Applied Evidence

What to do when warfarin therapy goes too far

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Warfarin is certainly a lifesaver—but it can also lead to potentially fatal hypocoagulability. Here we recommend best reversal options based on the type of bleed.



Practice recommendations
  • For patients with an elevated international normalized ratio (INR) with mild or no bleeding, withhold the warfarin and recheck INR in 1 to 2 days; if INR >5, add oral vitamin K supplementation (C).
  • For major bleeding and elevated INR, hospital admission, vitamin K, fresh frozen plasma, and frequent monitoring are needed (B).
  • Emergent situations call for hospitalization, clotting factor replacement, and vitamin K administered by slow intravenous infusion (A).

Strength of recommendation (SOR)

  1. Good-quality patient-oriented evidence
  2. Inconsistent or limited-quality patient-oriented evidence
  3. Consensus, usual practice, opinion, disease-oriented evidence, case series

I feel weak,” reports Mary Jo, a 67-year-old patient who scheduled today’s appointment when she began noticing black, tarry stools 2 days ago. Her chart reveals that she’s on warfarin therapy for chronic atrial fibrillation, and today’s labs show a hematocrit of 18 and an international normalized ratio (INR) of 6.

If Mary Jo were your patient, what would you do?

With some 30.6 million outpatient prescriptions dispensed in the United States in a single year,1 warfarin is among the nation’s most commonly prescribed medications. It is also a dangerous drug. Warfarin’s anticoagulant and antithrombotic effects occur through its ability to inhibit the enzymes responsible for the reduction of vitamin K—an essential cofactor in the normal production of vitamin K-dependent clotting factors II, VII, XI, and X and anticoagulant factors protein C and S. In the presence of warfarin, these clotting factors are produced in a partially carboxylated state with reduced or absent biological activity. The result is a hypocoagulability that can be life-threatening.

Given the sheer number of patients receiving warfarin therapy and the potential for hemorrhage and other adverse effects, primary care physicians need to be familiar with evidence-based recommendations for managing warfarin-induced hypocoagulation. This review will help ensure that when you see patients like Mary Jo, you’ll be prepared to take the best approach to reversing their hypocoagulable state.

Which patients face the highest risk?

The reported incidence of bleeding in patients taking warfarin varies significantly, but is generally in the range of 1% annually.2 Among those who develop warfarin-related major bleeds, however, the fatality rate may be as high as 13.4%.3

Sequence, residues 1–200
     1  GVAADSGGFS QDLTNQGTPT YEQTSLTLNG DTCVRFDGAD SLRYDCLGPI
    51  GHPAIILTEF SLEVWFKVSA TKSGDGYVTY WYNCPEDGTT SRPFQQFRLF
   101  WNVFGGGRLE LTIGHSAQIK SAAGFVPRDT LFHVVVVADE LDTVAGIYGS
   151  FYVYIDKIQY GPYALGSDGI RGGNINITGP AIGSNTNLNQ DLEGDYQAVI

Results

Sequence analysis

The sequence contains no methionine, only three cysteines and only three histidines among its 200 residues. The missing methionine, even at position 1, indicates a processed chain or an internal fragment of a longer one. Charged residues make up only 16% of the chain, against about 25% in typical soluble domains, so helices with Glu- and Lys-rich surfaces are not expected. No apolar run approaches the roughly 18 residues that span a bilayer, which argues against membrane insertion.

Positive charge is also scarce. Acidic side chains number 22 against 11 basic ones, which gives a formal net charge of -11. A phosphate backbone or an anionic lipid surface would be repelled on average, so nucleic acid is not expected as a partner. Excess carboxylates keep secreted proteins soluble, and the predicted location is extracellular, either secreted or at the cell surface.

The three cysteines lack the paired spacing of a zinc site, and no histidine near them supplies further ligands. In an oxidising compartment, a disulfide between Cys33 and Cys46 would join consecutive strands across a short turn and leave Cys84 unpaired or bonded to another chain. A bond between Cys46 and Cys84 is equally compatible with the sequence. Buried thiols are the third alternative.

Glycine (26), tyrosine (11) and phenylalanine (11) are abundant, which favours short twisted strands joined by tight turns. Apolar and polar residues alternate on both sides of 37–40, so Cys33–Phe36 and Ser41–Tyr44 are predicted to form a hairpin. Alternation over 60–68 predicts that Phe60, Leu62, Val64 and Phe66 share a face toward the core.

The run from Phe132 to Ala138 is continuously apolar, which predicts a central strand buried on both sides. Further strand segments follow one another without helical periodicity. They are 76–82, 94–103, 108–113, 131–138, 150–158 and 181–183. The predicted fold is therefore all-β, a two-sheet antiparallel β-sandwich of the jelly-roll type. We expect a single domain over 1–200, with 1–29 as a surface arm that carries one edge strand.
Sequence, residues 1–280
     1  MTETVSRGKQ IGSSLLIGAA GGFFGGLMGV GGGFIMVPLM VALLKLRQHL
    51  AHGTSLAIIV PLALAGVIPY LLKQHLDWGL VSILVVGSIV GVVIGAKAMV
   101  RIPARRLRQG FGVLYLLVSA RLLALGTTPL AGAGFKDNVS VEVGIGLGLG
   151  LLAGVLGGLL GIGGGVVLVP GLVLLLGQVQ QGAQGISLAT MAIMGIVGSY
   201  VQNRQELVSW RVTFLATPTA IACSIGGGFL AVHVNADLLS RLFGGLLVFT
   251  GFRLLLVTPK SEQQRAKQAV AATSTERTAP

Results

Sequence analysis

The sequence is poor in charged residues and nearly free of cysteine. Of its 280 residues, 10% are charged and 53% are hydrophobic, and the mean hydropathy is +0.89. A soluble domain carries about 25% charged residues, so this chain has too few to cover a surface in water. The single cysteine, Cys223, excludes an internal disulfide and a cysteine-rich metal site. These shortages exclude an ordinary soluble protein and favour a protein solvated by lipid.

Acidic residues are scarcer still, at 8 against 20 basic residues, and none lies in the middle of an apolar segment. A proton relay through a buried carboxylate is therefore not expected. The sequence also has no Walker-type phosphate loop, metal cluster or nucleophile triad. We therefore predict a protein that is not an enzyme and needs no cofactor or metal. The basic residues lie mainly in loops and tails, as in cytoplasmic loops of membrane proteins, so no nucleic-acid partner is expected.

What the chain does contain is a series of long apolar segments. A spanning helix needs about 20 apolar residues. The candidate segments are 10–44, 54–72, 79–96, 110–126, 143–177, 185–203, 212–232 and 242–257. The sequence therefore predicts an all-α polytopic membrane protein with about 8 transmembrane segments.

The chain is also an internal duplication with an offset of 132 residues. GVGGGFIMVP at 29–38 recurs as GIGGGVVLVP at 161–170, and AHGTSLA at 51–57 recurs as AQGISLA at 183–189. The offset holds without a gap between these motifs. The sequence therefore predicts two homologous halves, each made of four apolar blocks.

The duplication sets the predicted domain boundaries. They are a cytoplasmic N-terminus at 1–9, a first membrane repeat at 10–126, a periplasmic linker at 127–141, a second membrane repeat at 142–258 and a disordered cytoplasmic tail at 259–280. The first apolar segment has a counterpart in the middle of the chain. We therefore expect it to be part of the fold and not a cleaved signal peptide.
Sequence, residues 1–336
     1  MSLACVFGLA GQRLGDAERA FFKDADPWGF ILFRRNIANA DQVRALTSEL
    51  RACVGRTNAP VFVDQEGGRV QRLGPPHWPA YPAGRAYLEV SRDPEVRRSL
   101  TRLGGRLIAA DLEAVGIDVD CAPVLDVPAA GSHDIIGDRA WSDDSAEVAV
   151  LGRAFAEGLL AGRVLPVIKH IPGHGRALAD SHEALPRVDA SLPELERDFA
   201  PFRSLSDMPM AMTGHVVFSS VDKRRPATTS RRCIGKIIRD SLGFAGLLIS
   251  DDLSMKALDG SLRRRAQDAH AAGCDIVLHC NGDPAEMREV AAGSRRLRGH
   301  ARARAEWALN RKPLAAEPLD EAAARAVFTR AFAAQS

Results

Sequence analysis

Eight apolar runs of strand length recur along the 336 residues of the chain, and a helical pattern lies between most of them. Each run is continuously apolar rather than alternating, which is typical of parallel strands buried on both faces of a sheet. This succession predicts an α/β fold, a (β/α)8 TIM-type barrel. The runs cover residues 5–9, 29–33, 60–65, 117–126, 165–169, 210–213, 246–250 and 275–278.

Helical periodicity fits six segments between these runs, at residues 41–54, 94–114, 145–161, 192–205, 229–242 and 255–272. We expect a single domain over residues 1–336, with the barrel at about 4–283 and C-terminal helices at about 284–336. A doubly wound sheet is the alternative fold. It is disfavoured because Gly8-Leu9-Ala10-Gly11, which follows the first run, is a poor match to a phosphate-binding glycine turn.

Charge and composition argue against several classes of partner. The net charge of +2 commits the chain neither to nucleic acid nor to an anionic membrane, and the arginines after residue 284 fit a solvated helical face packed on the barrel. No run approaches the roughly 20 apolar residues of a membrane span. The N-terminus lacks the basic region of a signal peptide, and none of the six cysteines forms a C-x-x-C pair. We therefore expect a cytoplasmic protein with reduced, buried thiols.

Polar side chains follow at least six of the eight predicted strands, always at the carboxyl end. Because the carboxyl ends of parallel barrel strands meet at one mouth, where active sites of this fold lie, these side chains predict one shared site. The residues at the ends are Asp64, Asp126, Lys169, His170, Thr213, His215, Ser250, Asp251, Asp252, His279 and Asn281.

The risk of bleeding is highest in the first 30 days of warfarin therapy,3 and increases exponentially once the INR exceeds 5.4 Other risk factors include:

  • age (the risk increases to about 5% per year for patients >75 years)5
  • hypertension
  • cerebrovascular disease
  • ischemic stroke
  • a history of bleeds.6-8

Multiple medications and herbal substances can interfere with warfarin therapy. Some agents work by augmenting warfarin’s effect; others, such as antiplatelet agents, directly increase the risk of bleeding through unrelated mechanisms; still others may counteract warfarin therapy by enhancing coagulation. Ask patients on warfarin therapy to tell you everything they’re taking, including all over-the-counter medications, supplements, and prescription drugs. TABLE 1 lists herbal substances with the potential to increase or decrease INR. A comprehensive list of drugs that can interact with warfarin is available at

Herbal substances that may affect INR38-40

Angelica root
Arnica flower
Borage seed oil
Devil’s claw
Dong quai
Fish oil
Horse chestnut
Licorice root
Lovage root
Lycium barbarum (wolfberry)
Red clover
Sweet clover
Vitamin E
Willow bark
Coenzyme Q10
Green tea
St. John’s wort

When reversal is needed, how best to achieve it?

The options for reversing warfarin-induced anticoagulation include withholding 1 or more doses of warfarin and providing vitamin K supplementation and clotting factor replacement, as needed. The decision of which combination to use is based on both the urgency ( TABLE 2 ) and completeness of reversal required (target INR range) and the risk of thrombosis when the anticoagulation is reversed.9

Vitamin K is actually a group of lipid-soluble chemicals that are necessary for the production of functional carboxylated clotting factors II, VII, IX, and X. Vitamin K1 (phytonadione), which is available in food and as a supplement, is the particular chemical that competes with warfarin. When it is used as a reversal agent, phytonadione is generally referred to simply as vitamin K.

The oral route of vitamin K is preferred, but its effect is delayed because of the time required for absorption and production of factors. Thus, a slow (15-30 min) infusion of intravenous (IV) vitamin K should be used if reversal is needed within 6 hours—or oral therapy is unavailable. Avoid subcutaneous administration; it is not reliable and may take up to 72 hours to reverse the INR.10-12 Intramuscular (IM) administration of vitamin K should also be avoided in patients taking warfarin because of concerns about hematoma formation, although a 2003 study of patients in teaching hospitals found that the IM route is used about 10% of the time.13

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